After a bit of equalizing, I began belaying my friends up.
Steve followed the pitch in an impressive couple of minutes, arrived at the belay, looked around and calmly exclaimed "oh boy, off route for sure". From this perspective it was an easy decision to go down and try to find a different exit. And after one rap, a bit of traversing and a short loose pitch we were on our summit. Some world class butt sliding and we were strenuously post holing, crawling, and rolling back to our skis, ready to head back to Canmore and enjoy one of Canada's fine imported PBR beers.
by Colin Simon
The same day Buster, Steve House and Steven left to climb The Silver Lining, Marianne, Steve Swenson and I had a small epic on Asteroid Alley on Mount Andromeda.We leave our hostel along the Icefields Parkway and are hiking by 8am. We cross the small glacier and spend half an hour breaking up the large snow cone that wind into the gullies that form Asteroid Alley and Shooting Gallery.
Marianne leads the first roped pitches through a progressively harder gully, to the base of a long chimney. I take the lead and enter a chimney. I hip scum past a chockstone and follow a long runnel of ice in the back of the chimney – it seems brilliant: the chimney is not a squeeze, and has smooth, continuously steep ice in the back. It would be pumpy, but the sides of the chimney allow me to rest when needed. I follow the ice for another thirty meters to the base of an intimidating pair of chockstones that choke the top of the chimney. The outer chockstone is far out on the outside of the chimney, and the inner chockstone is a jagged triangle just outside the ice runnel I am climbing, looking straight down on me like an enormous tooth. There is just enough space to squeeze between the two chockstones.
I place my last ice screw in ice behind the tooth, stem my feet on the sides of the chimney, and lean back to undercling the tooth with both hands – my soaked gloves instantly gecko to the cold, rough, dark brown Canadian limestone, pinning my hands. I kick my shiny new Grivel crampons into a smear of ice, and rip my gloves off the tooth, leaving small shreds of fabric on the frozen rock. I pluck my ice tools from the ice and find positive hooks above the chockstone. As I chimney higher and begin to “beach the whale” onto the ledge, a shock cord on my pack catches on a small edge of the outer chockstone, preventing me from climbing higher. Unable to cut it, I lower myself from my ice tools to release my pack before completing the Alpine Whale Maneuver on top of the chockstone ledge, covered in snow and loose rocks. Now that feels like mixed climbing!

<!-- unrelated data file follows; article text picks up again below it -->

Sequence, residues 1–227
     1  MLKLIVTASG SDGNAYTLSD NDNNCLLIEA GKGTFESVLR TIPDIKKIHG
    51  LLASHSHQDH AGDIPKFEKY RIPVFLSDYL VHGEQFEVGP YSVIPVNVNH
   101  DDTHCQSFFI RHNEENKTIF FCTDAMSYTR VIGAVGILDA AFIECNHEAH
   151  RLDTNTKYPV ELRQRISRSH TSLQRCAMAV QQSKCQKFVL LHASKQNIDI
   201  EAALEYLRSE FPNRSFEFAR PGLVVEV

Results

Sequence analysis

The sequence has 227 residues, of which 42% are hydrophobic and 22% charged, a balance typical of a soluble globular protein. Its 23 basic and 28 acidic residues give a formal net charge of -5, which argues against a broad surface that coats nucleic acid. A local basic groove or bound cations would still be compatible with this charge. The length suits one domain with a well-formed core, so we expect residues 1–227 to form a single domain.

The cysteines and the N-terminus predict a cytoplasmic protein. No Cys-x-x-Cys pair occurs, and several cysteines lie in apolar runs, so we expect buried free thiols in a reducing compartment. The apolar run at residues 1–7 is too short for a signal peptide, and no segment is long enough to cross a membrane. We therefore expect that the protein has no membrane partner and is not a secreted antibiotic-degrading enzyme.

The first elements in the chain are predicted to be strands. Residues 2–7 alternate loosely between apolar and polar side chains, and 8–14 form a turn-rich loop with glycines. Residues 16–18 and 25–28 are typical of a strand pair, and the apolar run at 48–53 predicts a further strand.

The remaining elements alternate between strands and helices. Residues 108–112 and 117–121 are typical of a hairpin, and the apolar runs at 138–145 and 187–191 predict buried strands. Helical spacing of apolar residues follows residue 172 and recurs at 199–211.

While in the chimney, I was breathing and moving constantly; my activity kept me warm despite my lead taking a long time. Marianne and Steve Swenson had been shivering at the belay for a while – I could tell how cold they were when they followed the pitch wearing their puffy jackets. Even after reaching the belay and leading another short couple of pitches, we weren’t warm, so Steve started leading. His pitch was also unfortunately not straightforward, so he exited the gully and had to aid climb. The three of us reached the final belay right as night fell – we put our headlamps on, and immediately proceeded to get our ropes horribly stuck. It was really great to have a mentor with us at this point – Steve quickly decided to re-lead by headlamp, to retrieve our ropes. Marianne felt her legs radiating her bodyheat away, so she fashioned a skirt out of her emergency blanket. Apparently it made a large difference – not a bad item to bring on an alpine climb! A few more rappels through darkness put us onto the ledge at the bottom of the route, but we descend the snow cone the wrong way and set up more rappels, costing us more time. We finally downclimb the base of the snowcone onto the glacier, cross the crevassed section and take our harnesses off at 3:15am.